“Chance favors the prepared mind.”
– Louis Pasteur … or “Under Siege 2: Dark Territory” villain Travis Dane, depending who you ask.
Few – if any – successful content marketers just wing it. Sure, you want to constantly evaluate content performance and make changes as needed. But you should never be in a position to just churn out content with no clear strategy or goal in mind.
Every piece of content, from blog to white paper to tweet, should play an important role in your overarching content plan. Without that strategy in place, content marketers essentially throw stuff out into cyberspace on a wing and a prayer, hoping for the best.
Here’s what you need to know about creating a successful content development plan:
1. Start with asking the right questions
You don’t want to get too deep into the weeds of creating a content development strategy without first nailing down the fundamentals. Start by answering the following questions:
- What are your content goals?
- Who is your audience?
- What channels do they use?
- What do they care about right now?
- What do you want them to know?
- How are you measuring content performance?
You can’t craft an effective plan without knowing exactly who you’re trying to reach, what kind of messaging will be relevant to them and what success will look like.
In most cases when we talk about content development, we’re referring to digital material like infographics, newsletters, videos, eBooks, etc., but your own strategy might incorporate traditional media as well. Account for everything when devising your content development plan.
2. Prioritize content around your commercial goals
High-quality content isn’t just well-written and engaging; it helps drive business goals. When crafting your content development plan, keep your main goals in mind and make sure that every single component supports those aims.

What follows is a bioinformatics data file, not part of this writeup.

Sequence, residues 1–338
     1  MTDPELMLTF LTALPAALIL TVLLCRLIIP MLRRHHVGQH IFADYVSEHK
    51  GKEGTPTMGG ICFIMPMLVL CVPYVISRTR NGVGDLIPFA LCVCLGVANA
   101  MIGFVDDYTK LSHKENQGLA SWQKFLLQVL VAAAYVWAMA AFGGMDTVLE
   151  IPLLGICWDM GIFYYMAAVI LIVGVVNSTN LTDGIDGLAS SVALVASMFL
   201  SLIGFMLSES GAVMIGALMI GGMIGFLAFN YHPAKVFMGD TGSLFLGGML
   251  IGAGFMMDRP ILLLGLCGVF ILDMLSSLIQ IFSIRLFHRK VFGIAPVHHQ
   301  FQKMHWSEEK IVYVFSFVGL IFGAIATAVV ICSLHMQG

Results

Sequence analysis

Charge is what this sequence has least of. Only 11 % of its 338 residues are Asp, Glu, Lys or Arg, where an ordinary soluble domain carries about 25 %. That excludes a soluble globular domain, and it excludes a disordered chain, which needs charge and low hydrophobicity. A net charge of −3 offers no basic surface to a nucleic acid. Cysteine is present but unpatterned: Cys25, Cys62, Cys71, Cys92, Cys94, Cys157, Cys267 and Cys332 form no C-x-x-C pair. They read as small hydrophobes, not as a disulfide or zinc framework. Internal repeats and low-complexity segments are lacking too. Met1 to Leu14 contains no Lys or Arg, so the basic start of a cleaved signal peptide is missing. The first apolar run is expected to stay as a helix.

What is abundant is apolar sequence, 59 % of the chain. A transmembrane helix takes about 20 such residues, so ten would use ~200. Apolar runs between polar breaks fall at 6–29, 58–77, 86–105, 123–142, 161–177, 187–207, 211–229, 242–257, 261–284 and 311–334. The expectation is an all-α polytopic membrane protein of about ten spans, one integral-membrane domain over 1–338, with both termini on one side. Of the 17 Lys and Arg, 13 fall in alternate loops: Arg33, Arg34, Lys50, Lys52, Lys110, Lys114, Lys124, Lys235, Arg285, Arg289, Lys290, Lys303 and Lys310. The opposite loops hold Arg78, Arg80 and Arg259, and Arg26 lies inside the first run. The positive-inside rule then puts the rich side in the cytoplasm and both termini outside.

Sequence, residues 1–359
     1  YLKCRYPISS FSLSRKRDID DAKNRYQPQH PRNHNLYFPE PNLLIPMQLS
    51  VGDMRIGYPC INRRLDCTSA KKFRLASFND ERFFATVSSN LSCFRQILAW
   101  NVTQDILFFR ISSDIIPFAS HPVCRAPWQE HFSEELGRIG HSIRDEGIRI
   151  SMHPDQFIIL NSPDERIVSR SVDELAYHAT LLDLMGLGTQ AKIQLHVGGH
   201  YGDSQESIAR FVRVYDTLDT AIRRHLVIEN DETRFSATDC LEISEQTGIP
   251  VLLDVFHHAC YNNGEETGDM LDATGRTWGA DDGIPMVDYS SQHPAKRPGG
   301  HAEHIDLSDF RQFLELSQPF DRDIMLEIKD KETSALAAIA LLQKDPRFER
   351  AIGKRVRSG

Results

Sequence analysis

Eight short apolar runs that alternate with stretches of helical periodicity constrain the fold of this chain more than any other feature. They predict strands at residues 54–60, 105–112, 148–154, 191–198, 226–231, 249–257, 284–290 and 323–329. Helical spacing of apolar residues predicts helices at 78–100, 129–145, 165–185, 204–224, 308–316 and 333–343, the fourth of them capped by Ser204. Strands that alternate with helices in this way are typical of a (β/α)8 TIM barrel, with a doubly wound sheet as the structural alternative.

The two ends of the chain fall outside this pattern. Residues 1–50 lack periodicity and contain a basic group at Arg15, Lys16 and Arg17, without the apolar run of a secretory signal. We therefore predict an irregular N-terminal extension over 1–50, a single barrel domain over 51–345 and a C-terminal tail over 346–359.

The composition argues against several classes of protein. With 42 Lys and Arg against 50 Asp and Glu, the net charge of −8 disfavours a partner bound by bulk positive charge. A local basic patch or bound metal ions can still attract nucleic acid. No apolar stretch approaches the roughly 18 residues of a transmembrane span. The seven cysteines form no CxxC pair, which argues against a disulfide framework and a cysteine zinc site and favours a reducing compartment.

Are you looking to build brand awareness? Improve organic search traffic? Are you strictly interested in lead gen? Depending on what you want to accomplish, your content development strategy could come together in a number of different ways.
For example, a company that is really keyed into brand awareness and organic search will want to lean hard into top-of-funnel content like blogs and infographics, while spreading the word with a strong social media presence.
Meanwhile, businesses looking for cold, hard conversions will want to create downloadable, gated material like white papers and eBooks. Then again, if your goals are more along the lines of the lead nurturing variety, newsletters and email campaigns may be more your speed.
As always, be as specific as possible with your commercial goals. The more detailed those are, the easier it will be to assess your content development plan’s success – or lack thereof – later on. If the goal of the Brafton blog is to get 1,000 unique visitors and generate 10 high-quality leads each month rather than, say, “increase brand awareness,” that’s a much clearer metric to measure performance by.
When in doubt about what type of content to create, consult a content funnel.
3. Know your audience
Successful content not only reaches your target audience, but taps into their specific pain points and concerns, while providing a clear and meaningful message. Having done thorough research on your audience gives your writers, designers, social media team and anyone involved in the content development process some much-needed background before they get to work.